I was reluctant to join the fray regarding the uproar that quickly developed when the CEO of Chick-fil-A stated his opinion that same sex marriages were contrary to his religious beliefs.  An argument can be made that a business owner should not interject his personal views on such a controversial topic into his business; but, then if that were a hard and fast rule, I would be out of the blogging game.  Obviously, I believe that a business owner has the same freedom of speech rights as anyone else and should be free to express himself without putting his business in jeopardy.

As a staunch supporter of free speech, I can no longer refrain from commenting on the over the top reaction to his stand on this social issue.   I disagree with his opinion and have publically supported same sex marriages in my post “Marriage Is More Than An Institution”; however, as a free speech advocate, I fully support his right to express his opinion even when I disagree.   That is the point of having the right to our freedom of speech.   If we were only free to say what is acceptable to others then free speech would cease to exist.

One of the problems, as I see it, is that people confuse words with actions.   The CEO was not trying to prevent same sex marriages or suggesting that he would not welcome same sex couples to his restaurant, he was simply expressing his personal opinion on the subject.   This is the same overreaction that perpetuates much of the political correctness abuse in this country.   When you fear the words of others because you find them to be offensive or threatening to your point of view, the reaction is to stifle the message by destroying the messenger.   Here, those that feel threatened by the views of this CEO feel the need to punish him and damage his business with protests, demonstrations and a general campaign of their own brand of intolerance in order to suppress his right to speak freely and as a warning to those that might also want to similarly express themselves.

I believe we need to encourage an open discourse where everyone can freely express diverse opinions without fear of reprisals or intimidation and also have a society that embraces its diversity.   Those who were protesting need to question if taking away someone else’s right to free speech is really the best way to protect their right to be treated equally?   For me, the answer is no since it comes down to a simple truth that everyone’s freedom is diminished if anyone’s rights are taken away.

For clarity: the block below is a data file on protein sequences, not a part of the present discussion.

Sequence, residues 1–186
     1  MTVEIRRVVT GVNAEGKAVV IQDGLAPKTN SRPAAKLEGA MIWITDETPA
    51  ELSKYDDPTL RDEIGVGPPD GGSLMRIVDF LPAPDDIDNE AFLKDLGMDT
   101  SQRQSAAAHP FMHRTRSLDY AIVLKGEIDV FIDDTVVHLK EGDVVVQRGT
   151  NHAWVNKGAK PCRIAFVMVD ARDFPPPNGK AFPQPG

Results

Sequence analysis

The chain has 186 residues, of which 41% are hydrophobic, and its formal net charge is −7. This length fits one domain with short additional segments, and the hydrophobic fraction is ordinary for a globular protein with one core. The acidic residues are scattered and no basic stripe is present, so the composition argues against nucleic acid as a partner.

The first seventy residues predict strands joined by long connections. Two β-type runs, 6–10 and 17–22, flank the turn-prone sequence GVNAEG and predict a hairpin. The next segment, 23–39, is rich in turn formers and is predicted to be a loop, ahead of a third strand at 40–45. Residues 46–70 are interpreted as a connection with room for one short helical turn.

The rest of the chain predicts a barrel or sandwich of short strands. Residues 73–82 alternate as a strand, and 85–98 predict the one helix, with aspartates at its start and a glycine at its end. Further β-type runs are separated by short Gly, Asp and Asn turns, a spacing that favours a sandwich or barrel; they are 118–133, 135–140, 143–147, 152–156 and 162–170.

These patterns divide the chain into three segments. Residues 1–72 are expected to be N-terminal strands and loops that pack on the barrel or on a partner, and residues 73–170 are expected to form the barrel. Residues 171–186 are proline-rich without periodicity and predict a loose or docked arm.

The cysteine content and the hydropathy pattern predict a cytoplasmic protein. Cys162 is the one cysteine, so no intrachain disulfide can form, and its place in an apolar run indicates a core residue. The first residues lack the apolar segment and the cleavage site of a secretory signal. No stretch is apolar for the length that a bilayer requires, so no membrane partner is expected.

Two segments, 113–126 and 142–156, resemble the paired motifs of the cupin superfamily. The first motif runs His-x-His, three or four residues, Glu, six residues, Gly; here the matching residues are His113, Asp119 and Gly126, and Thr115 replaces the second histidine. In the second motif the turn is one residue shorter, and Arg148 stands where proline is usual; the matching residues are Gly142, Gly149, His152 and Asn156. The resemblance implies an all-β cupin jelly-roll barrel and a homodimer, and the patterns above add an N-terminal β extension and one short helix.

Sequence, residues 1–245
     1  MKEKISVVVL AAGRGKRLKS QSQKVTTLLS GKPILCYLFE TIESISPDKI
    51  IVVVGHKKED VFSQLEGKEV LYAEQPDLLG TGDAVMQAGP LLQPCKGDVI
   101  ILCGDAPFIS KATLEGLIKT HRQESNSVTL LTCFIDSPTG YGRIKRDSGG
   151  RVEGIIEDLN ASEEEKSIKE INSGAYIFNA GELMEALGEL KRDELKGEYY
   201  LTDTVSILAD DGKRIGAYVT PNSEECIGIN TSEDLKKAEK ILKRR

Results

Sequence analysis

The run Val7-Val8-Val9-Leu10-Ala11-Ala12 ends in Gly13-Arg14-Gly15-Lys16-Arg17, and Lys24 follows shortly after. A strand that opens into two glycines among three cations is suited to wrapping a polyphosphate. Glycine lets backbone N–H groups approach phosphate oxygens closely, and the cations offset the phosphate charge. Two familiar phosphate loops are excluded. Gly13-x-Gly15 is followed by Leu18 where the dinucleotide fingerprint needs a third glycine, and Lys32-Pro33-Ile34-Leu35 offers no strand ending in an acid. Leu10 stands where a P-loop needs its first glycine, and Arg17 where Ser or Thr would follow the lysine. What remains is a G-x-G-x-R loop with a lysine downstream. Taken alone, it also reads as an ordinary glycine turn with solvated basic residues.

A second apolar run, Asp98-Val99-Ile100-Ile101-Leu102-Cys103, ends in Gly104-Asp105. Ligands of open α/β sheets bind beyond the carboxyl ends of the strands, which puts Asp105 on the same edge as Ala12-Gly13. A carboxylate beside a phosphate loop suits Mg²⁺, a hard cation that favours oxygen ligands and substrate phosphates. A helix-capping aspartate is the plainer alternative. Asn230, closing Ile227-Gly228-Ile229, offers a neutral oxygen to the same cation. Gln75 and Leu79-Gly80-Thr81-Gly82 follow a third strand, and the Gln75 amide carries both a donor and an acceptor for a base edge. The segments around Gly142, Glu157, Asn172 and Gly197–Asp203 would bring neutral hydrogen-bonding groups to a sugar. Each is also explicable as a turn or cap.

On Monday, Joe offers some information about Social Security benefits in “Social Security And You, Part 1”.



Marriage is an institution just as governments and religions are institutions; however, in each case their real purpose transcends the rules, dogma, and traditions of their respective institutions.  At their heart, religion is about faith and hope, government is about justice and equality, and marriage is about love and commitment.

Without love or commitment, marriage would be an empty and shallow institution whereas a marriage that is based on love and commitment cannot be defined or confined by the constraints of a mere institution.  Why are these distinctions important?   Because, it has become fashionable to argue against same sex marriages based on the fact that they do not conform to our notion of what the institution of marriage is, by tradition, intended to mean.

I suggest that if two consenting adults truly love and respect each other and want to commit their lives to each other that is a better definition of what a marriage should mean than any guidance the traditions of an institution can offer us on the subject.   This, of course, is a hotly debated issue in our society with many political and religious overtones that also calls into question our ideas about families, adoption, and the rearing of children.

I agree that same sex marriages will change the landscape of the traditional family unit and will bring a new era of parent-child relationships and dynamics.   None of that needs to be looked upon as having a negative impact on our familiar family ideals.  To me, any family unit that has a high level of concern for one another and that strives to nurture, support, and love one another is an asset to our society and will build new traditions that can become part of a broader and more inclusive institution of marriage.

Love and respect are universally accepted values and any marriage that is built on such clearly commendable ideals should also be legal regardless of the gender of the participants.  In the final analysis, a marriage should not be judged by how well it conforms to the institution of marriage but by how strong the love and commitment is of the people involved.

On Wednesday, Joe offers some information about the dangers of harassment in the workplace in “Harassment Can Kill A Business”.